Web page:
The bottom line for a growth investor like me is that these areas become markets for the occasional special situation, not places where I want to be fully invested most of the time.  Because of this, and because of Brexit, the UK assumes greater importance for me.  So, too, Hong Kong, as an avenue into mainland China.  And to the degree I want to have direct international exposure–which means I want to avoid the US for whatever reason–emerging markets also come into play.

 

A final thought:  one could argue that the lack of investment appeal I perceive in Japan and continental Europe has nothing to do with political or cultural choices.  Both areas have relatively old populations.  If it’s simply demographics, signs of similar trouble should be appearing in the US within a decade.  I don’t think this is correct, but as investors we should all be attentive to possible signs.

 

demographics, aging populations, and China

I first learned about the importance of demographics from the stock market from an economist at Donaldson Lufkin & Jenrette (which was ultimately acquired by Credit Suisse) in the mid-1980s.

He used to say that you can’t just manufacture a whole bunch of 30-year olds out of thin air–in other words, that a country’s population profile can have a profound influence on consumption patterns for a very long time.  Yet, in the rough and tumble of everyday trading on Wall Street, demographics is often forgotten.

At that time, his main point was the enduring influence on consumption of the post-WWII Baby Boom.  The sheer size of the cohort was important.  But not only that, but so too was its aging–and the resulting age-related shift in their buying habits.  Today, I imagine he would be stressing the age-related fading of the Baby Boom’s influence on consumption, as well as the issues surrounding the cohort’s longevity in retirement.

There are already two examples of aging advanced economies where the work force is significantly older than in the US.  They’re Japan, whose workforce is the oldest in the world and which has already been shrinking for many years due to age; and the EU, whose workforce age is about midway between the US and Japan.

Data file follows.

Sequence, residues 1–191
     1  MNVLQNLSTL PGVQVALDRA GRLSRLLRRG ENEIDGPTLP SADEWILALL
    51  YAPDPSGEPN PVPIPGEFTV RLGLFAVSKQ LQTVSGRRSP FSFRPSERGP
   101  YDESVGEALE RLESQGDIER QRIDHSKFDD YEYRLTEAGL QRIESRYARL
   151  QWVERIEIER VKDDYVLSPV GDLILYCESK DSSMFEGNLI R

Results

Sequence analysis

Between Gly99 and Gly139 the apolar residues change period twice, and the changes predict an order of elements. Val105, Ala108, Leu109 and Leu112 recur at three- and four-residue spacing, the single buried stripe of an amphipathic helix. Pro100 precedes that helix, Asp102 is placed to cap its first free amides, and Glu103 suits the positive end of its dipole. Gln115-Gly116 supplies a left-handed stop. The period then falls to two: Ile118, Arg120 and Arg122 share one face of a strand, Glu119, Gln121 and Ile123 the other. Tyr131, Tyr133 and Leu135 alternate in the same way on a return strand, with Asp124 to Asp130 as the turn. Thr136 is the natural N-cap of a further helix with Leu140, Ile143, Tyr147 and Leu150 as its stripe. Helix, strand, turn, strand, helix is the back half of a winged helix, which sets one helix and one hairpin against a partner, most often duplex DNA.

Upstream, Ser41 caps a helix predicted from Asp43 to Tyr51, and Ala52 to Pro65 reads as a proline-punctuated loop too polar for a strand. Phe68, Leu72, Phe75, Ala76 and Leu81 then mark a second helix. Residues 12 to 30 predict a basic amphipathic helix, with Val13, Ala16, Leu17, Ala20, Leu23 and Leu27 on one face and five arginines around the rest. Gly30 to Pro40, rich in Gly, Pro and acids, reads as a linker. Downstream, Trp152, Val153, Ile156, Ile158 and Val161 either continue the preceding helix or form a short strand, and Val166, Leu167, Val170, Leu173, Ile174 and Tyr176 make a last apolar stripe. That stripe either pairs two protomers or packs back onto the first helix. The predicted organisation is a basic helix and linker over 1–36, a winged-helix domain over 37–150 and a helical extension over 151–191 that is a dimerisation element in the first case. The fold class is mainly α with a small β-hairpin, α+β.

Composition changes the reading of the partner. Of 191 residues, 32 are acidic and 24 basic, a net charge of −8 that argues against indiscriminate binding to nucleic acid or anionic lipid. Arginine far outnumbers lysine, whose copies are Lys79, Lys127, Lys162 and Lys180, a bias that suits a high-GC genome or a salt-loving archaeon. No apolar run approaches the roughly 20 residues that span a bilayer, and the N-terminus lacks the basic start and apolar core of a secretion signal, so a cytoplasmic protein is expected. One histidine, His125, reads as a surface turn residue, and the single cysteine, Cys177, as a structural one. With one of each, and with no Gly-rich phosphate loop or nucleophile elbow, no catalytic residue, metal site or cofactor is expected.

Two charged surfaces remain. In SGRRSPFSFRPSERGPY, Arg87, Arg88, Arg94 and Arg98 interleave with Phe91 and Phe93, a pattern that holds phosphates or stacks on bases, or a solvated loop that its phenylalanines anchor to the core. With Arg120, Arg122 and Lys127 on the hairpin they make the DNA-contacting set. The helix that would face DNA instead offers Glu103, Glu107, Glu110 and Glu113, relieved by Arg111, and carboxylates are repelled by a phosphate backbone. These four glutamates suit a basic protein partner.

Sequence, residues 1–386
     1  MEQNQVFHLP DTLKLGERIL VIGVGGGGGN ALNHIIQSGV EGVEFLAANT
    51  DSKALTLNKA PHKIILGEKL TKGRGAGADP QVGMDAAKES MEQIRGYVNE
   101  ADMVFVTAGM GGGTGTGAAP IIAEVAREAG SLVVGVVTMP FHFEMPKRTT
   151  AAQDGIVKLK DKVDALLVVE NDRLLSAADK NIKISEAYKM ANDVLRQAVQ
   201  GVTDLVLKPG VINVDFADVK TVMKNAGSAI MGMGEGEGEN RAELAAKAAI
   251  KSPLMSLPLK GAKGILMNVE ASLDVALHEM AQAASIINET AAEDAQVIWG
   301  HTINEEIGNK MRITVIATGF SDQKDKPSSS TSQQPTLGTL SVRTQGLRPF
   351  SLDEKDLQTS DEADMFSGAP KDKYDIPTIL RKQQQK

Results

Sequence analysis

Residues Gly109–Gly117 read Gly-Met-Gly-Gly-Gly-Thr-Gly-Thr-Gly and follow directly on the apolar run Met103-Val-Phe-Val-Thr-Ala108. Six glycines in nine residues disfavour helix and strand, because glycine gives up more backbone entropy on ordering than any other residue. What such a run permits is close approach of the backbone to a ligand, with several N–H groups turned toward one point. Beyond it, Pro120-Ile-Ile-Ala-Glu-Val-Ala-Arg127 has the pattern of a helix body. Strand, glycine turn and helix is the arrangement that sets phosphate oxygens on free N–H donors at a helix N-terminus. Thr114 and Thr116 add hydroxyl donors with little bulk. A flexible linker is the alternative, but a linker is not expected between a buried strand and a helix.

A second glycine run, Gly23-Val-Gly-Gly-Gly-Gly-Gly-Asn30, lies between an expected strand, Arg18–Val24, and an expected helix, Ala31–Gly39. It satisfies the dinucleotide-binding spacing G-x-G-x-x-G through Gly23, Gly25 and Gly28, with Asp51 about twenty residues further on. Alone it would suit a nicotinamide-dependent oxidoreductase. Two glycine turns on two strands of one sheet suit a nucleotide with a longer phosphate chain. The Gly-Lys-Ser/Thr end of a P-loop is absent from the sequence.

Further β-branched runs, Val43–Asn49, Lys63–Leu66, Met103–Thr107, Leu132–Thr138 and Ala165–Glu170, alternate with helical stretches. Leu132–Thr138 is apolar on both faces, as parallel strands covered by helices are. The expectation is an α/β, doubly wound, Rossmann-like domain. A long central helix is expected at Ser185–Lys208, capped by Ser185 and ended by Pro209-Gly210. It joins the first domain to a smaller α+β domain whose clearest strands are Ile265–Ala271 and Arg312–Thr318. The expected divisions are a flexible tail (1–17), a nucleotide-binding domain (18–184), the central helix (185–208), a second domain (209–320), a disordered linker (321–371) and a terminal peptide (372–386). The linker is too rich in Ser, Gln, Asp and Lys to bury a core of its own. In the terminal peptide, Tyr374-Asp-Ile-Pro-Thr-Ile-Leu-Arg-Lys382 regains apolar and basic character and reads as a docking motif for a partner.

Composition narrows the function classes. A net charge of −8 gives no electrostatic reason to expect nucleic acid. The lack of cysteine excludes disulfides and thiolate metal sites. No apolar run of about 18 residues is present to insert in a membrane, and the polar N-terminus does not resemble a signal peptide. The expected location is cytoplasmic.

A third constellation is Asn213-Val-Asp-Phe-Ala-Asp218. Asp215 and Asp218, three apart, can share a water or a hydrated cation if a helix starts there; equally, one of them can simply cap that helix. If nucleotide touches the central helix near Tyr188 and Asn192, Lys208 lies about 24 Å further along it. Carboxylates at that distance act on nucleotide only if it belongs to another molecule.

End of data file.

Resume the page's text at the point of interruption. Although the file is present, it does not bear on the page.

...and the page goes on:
I’ve written often about the social/cultural basis for Japan’s protracted economic decline.  I think this is the main reason, both for that country’s quarter-century of stagnation and why Abenomics won’t work.  But sometimes I wonder how much of Japan’s troubles are simply demographic–and therefore a harbinger of what may be in store for the US at some point.  It doesn’t help my mood that the next-oldest area in the world, the EU, is exhibiting many of the same symptoms that Japan did in the 1990s.

Although I’m not sure how well-known it is, China is, despite all its current economic dynamism, the other important aging country–thanks in large part of the policies of Chairman Mao.  Stratfor (a service I don’t subscribe to but which has competent analyses of world affairs) has just published a good summary of the situation.  The prose is a little too breathless, in my view, but the facts are basically correct.  China is facing workforce retirement issues comparable to those in the US.  Its industrial base is relatively unstable,  It’s in the early stages of transformation from labor-intensive, export-oriented manufacturing, to higher value-added production.

It seems to me that the new Chinese administration is well aware of its demographic problem and is taking sensible steps to redirect its economy to cope.  In fact, Beijing appears to be acting as if its aging workers are its principal long-term issue   …which I think it is.  That would also explain why China is so willing to sacrifice short-term economic growth in order to establish a more advanced, and more stable industrial base.  It would suggest, as well, that investing in basic industry in China–no matter how cheap the companies look–would be (to my mind, anyway) a big mistake.